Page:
2. Health services include pediatric continuing care, public health nursing, and adult medical and dental care. Victims of child abuse appear to suffer more than the usual impacts of acute and chronic illness, and their medical needs are often neglected, both by parents and by social welfare agencies, particularly if they may be placed in foster home care. Systematic efforts should always be made to ensure that a child has her or his health needs documented and met.
  3. Family-focused interventions include homemaker services, parent aide programs, and homebuilders. These are key ingredients in what are coming to be characterized as “family preservation services,” which are offered to prevent family breakup, often at the threshold of children’s being separated from their parents’ care. Other interventions of proven value are child care services and alcohol and substance abuse treatment for the families who need them. Substitute care, which includes foster home and institutional care, may be given on a voluntary or court-mandated basis. It should be considered as a service, although too often it is proposed as a punishment. Parents Anonymous, a self-help voluntary movement with chapters and hotlines throughout the United States, offers opportunities for parents who can benefit from talking through their problems with others.
  4. Battered women’s services are often essential in providing protection to children, and it is necessary to be informed about the network in one’s community.
  5. The criminal justice system can also be of tremendous value in protecting children, especially in the face of criminally deviant behavior by caregivers whose actions cry out for stringent social controls. The deterrent value of criminal sanctions in preventing child abuse in society more generally is a subject of some debate. A disproportionate share of governmental resources appears to go into investigation and prosecution, as opposed to the provision of help.5


The diagnosis and treatment of child abuse is one of the more personally and professionally challenging aspects of primary care medicine. In this area of practice, as elsewhere in the profession, success is often connected to the clinician’s informed intelligence, mature attitude, and professional demeanor. When one maintains a thoughtful and skeptical approach to information; displays warmth, respect, and calm to children and parents; and when one’s findings and impressions are shared with care and accuracy, good information will be forthcoming and, hopefully, excellent management will follow.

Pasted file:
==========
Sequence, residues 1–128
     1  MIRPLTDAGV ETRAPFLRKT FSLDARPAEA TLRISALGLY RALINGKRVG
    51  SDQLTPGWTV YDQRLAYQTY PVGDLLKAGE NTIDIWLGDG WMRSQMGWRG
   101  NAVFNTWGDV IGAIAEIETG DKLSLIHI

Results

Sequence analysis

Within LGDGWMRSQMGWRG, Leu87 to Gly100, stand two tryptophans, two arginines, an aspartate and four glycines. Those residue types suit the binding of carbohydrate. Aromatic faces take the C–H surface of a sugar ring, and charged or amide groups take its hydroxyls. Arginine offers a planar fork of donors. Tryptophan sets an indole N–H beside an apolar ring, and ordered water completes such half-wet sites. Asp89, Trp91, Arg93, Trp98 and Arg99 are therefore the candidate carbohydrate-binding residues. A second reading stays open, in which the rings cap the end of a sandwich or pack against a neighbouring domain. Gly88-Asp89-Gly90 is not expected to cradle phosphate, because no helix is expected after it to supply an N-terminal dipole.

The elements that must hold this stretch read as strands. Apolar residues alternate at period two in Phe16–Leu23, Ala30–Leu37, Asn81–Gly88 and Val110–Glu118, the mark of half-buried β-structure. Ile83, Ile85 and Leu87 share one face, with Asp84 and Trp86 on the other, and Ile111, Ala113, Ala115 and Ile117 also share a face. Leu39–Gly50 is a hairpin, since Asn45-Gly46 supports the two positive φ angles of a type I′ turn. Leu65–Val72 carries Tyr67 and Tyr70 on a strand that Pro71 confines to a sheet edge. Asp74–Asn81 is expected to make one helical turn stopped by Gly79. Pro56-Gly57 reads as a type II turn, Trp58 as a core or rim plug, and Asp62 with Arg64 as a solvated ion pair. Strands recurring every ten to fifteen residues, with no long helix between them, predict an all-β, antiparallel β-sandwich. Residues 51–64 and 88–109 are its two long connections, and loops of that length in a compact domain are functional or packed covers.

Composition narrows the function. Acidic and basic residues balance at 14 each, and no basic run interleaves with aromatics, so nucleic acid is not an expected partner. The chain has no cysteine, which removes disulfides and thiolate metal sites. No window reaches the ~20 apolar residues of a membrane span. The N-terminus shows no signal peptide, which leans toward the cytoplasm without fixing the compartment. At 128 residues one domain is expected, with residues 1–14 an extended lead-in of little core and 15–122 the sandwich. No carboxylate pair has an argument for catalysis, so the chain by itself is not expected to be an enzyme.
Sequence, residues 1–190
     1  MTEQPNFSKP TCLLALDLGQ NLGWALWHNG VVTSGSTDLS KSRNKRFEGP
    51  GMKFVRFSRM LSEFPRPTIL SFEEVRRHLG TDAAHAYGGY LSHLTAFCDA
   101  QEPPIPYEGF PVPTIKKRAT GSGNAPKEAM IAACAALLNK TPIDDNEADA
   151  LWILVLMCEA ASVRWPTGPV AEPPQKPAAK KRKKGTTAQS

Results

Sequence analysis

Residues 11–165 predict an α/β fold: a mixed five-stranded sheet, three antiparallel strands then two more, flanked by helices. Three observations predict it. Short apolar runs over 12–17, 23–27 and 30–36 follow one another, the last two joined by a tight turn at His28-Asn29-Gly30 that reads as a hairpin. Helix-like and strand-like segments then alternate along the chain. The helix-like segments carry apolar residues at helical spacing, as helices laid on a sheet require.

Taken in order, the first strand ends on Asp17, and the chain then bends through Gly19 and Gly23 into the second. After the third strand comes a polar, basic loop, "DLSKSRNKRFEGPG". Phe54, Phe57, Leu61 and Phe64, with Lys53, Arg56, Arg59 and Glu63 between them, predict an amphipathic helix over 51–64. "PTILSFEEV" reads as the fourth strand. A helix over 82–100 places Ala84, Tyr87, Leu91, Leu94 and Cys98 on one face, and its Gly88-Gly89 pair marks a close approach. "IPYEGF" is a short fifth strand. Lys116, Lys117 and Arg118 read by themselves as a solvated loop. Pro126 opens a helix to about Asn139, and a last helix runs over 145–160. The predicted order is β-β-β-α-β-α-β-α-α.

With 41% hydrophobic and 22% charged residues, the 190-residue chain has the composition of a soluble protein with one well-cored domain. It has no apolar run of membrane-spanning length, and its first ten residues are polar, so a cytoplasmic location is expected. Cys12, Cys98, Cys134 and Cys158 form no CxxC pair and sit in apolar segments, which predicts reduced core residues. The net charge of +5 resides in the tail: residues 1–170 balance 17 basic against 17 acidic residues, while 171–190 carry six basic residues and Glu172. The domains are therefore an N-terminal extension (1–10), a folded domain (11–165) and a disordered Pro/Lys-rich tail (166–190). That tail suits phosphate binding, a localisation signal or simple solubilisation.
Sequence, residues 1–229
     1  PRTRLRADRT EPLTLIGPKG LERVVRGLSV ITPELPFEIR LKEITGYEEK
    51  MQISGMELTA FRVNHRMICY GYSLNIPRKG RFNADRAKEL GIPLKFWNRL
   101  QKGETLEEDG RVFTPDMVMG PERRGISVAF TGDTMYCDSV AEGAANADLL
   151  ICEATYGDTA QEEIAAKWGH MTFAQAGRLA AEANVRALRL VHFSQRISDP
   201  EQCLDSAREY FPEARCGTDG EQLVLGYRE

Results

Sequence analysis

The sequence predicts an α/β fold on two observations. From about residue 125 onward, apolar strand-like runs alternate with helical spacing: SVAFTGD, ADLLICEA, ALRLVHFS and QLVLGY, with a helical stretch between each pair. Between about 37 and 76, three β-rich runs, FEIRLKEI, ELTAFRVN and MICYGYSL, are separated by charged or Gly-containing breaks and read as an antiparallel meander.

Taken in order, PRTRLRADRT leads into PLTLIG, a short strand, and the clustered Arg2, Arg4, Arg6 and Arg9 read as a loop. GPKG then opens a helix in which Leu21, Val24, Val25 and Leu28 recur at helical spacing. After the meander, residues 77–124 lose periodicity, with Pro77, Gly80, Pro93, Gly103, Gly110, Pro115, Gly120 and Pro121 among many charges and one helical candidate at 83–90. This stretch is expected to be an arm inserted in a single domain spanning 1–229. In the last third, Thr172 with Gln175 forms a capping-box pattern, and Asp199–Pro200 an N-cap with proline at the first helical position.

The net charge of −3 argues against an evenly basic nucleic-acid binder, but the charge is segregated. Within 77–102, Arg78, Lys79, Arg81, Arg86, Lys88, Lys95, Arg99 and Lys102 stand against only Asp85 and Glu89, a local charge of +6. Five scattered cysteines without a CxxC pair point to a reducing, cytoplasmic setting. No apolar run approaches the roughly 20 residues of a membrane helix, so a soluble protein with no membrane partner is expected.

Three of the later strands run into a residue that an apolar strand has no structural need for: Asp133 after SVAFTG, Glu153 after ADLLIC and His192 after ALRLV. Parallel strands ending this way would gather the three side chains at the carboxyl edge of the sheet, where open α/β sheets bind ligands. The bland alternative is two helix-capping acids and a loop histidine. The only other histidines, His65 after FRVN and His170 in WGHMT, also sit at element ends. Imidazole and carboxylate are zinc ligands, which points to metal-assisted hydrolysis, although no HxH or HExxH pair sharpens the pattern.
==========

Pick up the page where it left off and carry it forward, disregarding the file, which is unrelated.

1. Bentovim A, Elton A, Hildebrand J, et al: Child Sexual Abuse Within the Family: Assessment and Treatment. London, Wright, 1988
  2. Bittner S, Newberger EH: Pediatric understanding of child abuse and neglect. Pediatr Rev 2:’197-208,1981
  3. Gershenson CP: Child maltreatment and the federal role. In Gil D (ed): Child Abuse and Violence. New York. AMS Press, 1979. pp 18-36
  4. Kempe CH. Silverman FN. Steele BF, et al: The battered child syndrome. JAMA 181:17-24, 1962
  5. Krugman R: Child abuse and neglect: critical first steps in response to national emergency. Am J Dis Child 5:513-515. 1991
  6. McKibbon L. DeVos E, Newberger EH: Victimization of mothers of abused children: A controlled study. Pediatrics 84:531-535, 1989
  7. Meadow R: Munchausen syndrome by proxy. The hinterland of child abuse. Lancet 2:343, 1937
  8. Newberger EH, Barkan SE, Lieberman ES, et al: Abuse of pregnant women and adverse birth outcome: Current knowledge and implications for practice. JAMA 267:2370-2372, 1992.
  9. Newberger EH: Child abuse. In Rosenberg ML. Fenley MA (eds): Violence: A Public Health Approach. New York. Oxford University Press, 1991, pp 49-78
  10. Newberger EH: Intervention in child abuse. In Schetky DH, Benedek EP (eds): Clinical Handbook of Child Psychiatry and the Law. Baltimore, Williams & Wilkins, 1992. pp 145-161
  11. Newberger EH: Pediatric interview assessment of child abuse: Challenges and opportunities. Pediatr Clin North Am 37:943-954, 1990
  12. Reece RM: Unusual manifestations of child abuse. Pediatr Clin North Am 37:4, 1990
  13. Walker CE, Bonner BL, Kallfman KL: The Physically and Sexually Abused Child: Evaluation and Treatment. New York, Pergamon, 1988
  14. White KM, Snyder JC. Bourne R, et al: Treating Child Abuse and Family Violence in Hospitals. Lexington, MA, Lexington Books, 1989

From the Family Development Program. Children’s Hospital, Boston, Massachusetts